Organic compounds are substances that contain carbon (a nonmetallic element that occurs in all plants and animals). All living things have an essential dependence on organic compounds, since carbon occurs in almost every chemical compound found in living things. There are four main types of organic compounds in living things: carbohydrates, proteins, lipids, and nucleic acids.
An organic compound is a combination of carbon and almost any other element. Because of its unique atomic structure (the way a single atom of carbon is built), a carbon atom is able to link up with as many as four other atoms of another element. Since it can also link up with other carbon atoms and form long, stable chains, the variety of combinations carbon can form with other elements is almost limitless. Scientists have already identified more than 1,000,000 organic compounds.
Until the nineteenth century, it was commonly believed that organic compounds only could be produced by something that was living. In those days, it was thought that some sort of "vital force" existed only in living things, and that it was this force that made living things uniquely capable of producing organic compounds. Two hundred years ago, organic meant "vital," or "living." Therefore, in the past, an organic compound was the tissue or the remains of a living thing, while an inorganic compound was something lifeless like a rock or the waters of the earth.
In 1828 the German chemist Friedrich Wohler (1800–1882) changed all of this thinking. That year, he quite unintentionally produced urea, an organic substance formed naturally in the bodies of mammals, in his laboratory using strictly inorganic substances. Starting with this laboratory breakthrough, science eventually came to recognize that no "vital force" was necessary for a substance to be considered an organic compound. Eventually, it was learned that what was important was molecular structure, or the way the atoms arranged themselves into molecules. This led to the modern definition of what became the study of organic chemistry—the chemistry of carbon compounds.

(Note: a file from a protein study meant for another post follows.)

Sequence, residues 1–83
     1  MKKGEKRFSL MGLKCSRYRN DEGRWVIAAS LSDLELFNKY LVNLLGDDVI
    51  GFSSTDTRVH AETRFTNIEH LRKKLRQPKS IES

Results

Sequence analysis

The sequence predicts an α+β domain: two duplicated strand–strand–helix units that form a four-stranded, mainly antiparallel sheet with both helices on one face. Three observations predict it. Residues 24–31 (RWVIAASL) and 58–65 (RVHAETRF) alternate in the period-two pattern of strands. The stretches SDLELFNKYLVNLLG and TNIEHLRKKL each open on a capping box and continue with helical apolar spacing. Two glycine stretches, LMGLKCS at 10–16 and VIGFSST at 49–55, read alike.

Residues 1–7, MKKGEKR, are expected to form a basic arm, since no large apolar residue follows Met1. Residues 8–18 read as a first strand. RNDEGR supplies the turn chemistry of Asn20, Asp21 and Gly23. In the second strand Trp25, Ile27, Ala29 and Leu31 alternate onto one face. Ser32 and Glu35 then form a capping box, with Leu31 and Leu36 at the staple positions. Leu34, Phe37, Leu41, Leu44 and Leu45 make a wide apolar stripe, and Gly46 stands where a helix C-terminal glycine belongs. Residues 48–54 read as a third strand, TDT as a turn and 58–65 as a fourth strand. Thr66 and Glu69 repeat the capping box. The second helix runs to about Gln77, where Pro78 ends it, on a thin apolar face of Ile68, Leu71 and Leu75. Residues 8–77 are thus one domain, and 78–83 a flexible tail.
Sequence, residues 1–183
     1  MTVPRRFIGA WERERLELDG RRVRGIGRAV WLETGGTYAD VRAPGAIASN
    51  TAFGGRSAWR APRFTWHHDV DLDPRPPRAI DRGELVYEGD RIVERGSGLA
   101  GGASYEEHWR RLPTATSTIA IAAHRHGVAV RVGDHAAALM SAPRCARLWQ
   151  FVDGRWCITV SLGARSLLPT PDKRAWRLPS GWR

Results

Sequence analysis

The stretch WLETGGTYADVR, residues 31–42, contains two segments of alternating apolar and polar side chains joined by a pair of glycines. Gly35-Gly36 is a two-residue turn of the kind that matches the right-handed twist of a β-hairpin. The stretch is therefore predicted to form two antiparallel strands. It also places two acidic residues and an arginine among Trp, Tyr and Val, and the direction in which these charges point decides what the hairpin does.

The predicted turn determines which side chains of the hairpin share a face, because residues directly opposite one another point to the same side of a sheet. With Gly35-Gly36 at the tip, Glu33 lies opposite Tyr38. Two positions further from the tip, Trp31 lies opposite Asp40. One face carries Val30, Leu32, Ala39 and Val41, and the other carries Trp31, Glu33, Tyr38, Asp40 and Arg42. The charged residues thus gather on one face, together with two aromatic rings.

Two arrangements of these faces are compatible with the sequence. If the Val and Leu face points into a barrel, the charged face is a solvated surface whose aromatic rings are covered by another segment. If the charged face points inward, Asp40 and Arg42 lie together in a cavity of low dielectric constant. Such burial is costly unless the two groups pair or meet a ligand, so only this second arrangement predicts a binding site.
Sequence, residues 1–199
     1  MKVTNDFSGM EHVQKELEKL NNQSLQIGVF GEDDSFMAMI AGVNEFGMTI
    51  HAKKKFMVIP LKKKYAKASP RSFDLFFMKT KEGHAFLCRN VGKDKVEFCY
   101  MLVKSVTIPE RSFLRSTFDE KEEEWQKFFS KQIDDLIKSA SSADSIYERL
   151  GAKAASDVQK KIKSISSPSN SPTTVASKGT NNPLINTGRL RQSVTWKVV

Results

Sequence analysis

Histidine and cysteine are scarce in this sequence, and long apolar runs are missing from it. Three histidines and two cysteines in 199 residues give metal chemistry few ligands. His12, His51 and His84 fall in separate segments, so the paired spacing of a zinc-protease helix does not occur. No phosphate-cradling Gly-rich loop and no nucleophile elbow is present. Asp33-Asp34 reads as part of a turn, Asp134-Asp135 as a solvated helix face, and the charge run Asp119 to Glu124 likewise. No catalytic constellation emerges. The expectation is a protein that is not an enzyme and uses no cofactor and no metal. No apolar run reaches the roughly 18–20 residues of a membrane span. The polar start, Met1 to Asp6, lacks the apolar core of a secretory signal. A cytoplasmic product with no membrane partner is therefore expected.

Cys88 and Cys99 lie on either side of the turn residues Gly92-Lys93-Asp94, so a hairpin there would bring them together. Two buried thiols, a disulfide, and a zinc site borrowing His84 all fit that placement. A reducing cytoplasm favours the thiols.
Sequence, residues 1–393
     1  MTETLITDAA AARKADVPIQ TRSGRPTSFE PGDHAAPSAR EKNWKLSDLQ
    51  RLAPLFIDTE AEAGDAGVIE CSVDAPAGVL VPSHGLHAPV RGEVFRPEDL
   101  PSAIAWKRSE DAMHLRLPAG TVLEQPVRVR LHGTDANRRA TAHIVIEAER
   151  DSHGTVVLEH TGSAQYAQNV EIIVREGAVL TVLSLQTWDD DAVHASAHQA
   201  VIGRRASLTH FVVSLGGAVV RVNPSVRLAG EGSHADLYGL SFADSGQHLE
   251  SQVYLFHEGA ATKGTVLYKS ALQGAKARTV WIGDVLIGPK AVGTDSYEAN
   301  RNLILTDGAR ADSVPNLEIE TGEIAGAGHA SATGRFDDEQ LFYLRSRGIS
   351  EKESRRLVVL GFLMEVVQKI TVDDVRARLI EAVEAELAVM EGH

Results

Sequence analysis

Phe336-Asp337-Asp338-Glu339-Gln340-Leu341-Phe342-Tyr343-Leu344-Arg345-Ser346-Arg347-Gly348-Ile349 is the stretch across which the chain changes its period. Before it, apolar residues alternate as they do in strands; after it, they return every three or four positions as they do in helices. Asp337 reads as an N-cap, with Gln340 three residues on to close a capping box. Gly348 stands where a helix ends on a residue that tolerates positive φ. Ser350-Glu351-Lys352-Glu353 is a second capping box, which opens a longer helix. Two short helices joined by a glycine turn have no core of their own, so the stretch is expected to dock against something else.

Today, it is known that all living things are not only organic compounds, but that they also are critically dependent on organic compounds. Specifically, foods are all organic compounds since they are made up of carbohydrates, fats, and proteins. Materials such as the cotton and wool in clothing, the petroleum for cars and factories, and all synthetic (man-made) drugs and plastics are organic compounds. Finally, the very chemistry that carries our genetic information—nucleic acids—are complex organic compounds made up of small molecules called nucleotides.
Interestingly, the word organic has been taking on more of its much older (and less precise) meaning, as people now speak positively of the benefits of "organic gardening," "organic food," and "organic vitamins." This use of the term organic suggests that some sort of mysterious "vital" force is at work in these compounds that gives them special qualities that synthetic products do not have. While an organic tomato harvested from a small farm may taste much better than one grown commercially and picked green, from a chemical standpoint, however, they are identical.